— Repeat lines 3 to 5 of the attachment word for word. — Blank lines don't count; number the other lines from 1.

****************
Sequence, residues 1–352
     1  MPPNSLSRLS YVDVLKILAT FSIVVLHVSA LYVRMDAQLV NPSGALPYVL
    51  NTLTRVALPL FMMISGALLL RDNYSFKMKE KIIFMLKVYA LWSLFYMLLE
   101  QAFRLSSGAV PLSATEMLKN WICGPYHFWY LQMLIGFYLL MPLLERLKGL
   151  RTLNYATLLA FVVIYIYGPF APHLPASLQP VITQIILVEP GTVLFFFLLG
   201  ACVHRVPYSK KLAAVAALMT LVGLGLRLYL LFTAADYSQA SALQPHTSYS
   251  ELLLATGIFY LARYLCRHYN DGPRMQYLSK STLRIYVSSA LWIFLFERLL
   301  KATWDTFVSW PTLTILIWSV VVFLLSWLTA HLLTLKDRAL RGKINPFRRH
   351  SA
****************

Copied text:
    51  NTLTRVALPL FMMISGALLL RDNYSFKMKE KIIFMLKVYA LWSLFYMLLE
   101  QAFRLSSGAV PLSATEMLKN WICGPYHFWY LQMLIGFYLL MPLLERLKGL
   151  RTLNYATLLA FVVIYIYGPF APHLPASLQP VITQIILVEP GTVLFFFLLG